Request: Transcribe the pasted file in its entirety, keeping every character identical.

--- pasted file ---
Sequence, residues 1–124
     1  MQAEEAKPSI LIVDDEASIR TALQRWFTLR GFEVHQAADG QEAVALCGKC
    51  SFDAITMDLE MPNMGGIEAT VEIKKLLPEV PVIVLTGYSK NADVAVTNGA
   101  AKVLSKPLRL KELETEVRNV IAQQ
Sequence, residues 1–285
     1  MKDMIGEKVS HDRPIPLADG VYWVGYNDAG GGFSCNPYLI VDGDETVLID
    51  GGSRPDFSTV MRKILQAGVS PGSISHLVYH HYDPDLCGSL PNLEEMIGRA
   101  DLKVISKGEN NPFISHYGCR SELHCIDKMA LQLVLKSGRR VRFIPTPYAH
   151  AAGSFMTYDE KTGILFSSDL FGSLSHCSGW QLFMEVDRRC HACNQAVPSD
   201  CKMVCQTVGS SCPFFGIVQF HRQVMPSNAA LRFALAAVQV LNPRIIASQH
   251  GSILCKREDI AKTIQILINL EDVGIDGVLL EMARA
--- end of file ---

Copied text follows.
Sequence, residues 1–124
     1  MQAEEAKPSI LIVDDEASIR TALQRWFTLR GFEVHQAADG QEAVALCGKC
    51  SFDAITMDLE MPNMGGIEAT VEIKKLLPEV PVIVLTGYSK NADVAVTNGA
   101  AKVLSKPLRL KELETEVRNV IAQQ
Sequence, residues 1–285
     1  MKDMIGEKVS HDRPIPLADG VYWVGYNDAG GGFSCNPYLI VDGDETVLID
    51  GGSRPDFSTV MRKILQAGVS PGSISHLVYH HYDPDLCGSL PNLEEMIGRA
   101  DLKVISKGEN NPFISHYGCR SELHCIDKMA LQLVLKSGRR VRFIPTPYAH
   151  AAGSFMTYDE KTGILFSSDL FGSLSHCSGW QLFMEVDRRC HACNQAVPSD
   201  CKMVCQTVGS SCPFFGIVQF HRQVMPSNAA LRFALAAVQV LNPRIIASQH
   251  GSILCKREDI AKTIQILINL EDVGIDGVLL EMARA